I'm using OSX Yosemite and I hate how windows maximization works... previously (with Mountain Lion) I was using RightZoom, in order to always maximize windows as it should be (using the whole space). I discovered that by clicking on the green button with ALT + SHIFT the maximization is applied as I like, BUT is very annoying... so I created a shortcut (CMD+SHIFT+M) by going to preferences > shortcuts > app shortcuts > clicking on "+" and creating a shortcut named "Zoom"... it works great for all the applications but not for the Java ones (or at least it does not work for Intellij Idea and PyCharm)... so... are app shortcuts available only for native Cocoa applications? Is there another way for a fast and simple maximization? (I was thinking about some kind of "defaults write blahblah", but I didn't find anything)

2 Answers 2


It's not strictly speaking about Cocoa apps vs Java apps.

What you're doing when you create a shortcut like that is assigning a keyboard shortcut to existing menu items. So if the application has a "Zoom" menu item, your keyboard shortcut will activate it.

If you have a window open that doesn't have a Zoom menu item, or where the Zoom menu item is disabled, your shortcut won't work.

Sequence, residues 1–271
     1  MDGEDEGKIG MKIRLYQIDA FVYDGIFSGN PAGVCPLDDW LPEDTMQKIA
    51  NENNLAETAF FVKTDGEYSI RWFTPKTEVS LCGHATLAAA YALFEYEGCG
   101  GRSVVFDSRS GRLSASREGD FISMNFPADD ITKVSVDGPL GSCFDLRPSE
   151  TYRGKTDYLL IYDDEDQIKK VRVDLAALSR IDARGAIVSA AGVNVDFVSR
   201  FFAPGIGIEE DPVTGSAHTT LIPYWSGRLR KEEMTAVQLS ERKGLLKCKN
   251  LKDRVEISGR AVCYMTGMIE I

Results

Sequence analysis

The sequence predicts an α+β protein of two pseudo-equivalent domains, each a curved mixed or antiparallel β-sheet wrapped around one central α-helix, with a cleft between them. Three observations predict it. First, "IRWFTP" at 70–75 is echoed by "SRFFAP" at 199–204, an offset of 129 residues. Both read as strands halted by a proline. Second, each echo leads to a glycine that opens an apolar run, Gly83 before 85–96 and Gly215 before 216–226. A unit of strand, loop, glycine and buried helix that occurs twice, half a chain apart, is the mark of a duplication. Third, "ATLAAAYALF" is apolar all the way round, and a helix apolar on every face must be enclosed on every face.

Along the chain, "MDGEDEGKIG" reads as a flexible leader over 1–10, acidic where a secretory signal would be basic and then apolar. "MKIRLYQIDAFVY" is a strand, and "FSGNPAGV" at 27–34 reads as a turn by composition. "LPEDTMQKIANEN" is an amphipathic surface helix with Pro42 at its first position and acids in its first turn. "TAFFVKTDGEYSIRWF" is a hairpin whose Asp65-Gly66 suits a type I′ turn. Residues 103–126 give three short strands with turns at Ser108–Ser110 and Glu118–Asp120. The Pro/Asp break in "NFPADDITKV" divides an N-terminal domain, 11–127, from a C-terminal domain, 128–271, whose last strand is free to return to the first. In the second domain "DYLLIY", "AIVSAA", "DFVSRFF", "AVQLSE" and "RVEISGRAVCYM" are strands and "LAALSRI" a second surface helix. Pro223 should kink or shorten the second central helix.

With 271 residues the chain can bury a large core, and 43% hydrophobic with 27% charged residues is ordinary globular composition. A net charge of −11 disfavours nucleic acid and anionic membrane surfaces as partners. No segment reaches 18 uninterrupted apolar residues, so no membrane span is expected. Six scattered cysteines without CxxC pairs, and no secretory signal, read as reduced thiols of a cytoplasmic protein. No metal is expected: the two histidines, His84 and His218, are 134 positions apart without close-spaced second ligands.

Your shortcut will work in Eclipse for example, even though it's a Java application, because it provides the Zoom action.

So there won't be a system-wide way to assign a shortcut to this action without using third-party software - either the application provides the Zoom action or it doesn't. It might be worth filing feature requests with the application developers, as it's standard in OS X applications to provide this menu item.

  • 1
    ok, I've got it now. Thank you... by the way, I've currently re-installed RightZoom and configured it properly to work with my custom shortcut :)
    – daveoncode
    Nov 3, 2014 at 15:53
  • must give that a go myself :)
    – CupawnTae
    Nov 3, 2014 at 19:59

http://spectacleapp.com is a free app which will allow you to do all sorts of window manipulation on the Mac, including “Fullscreen” which really means “maximize”:

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You can set your own keyboard shortcuts, of course.

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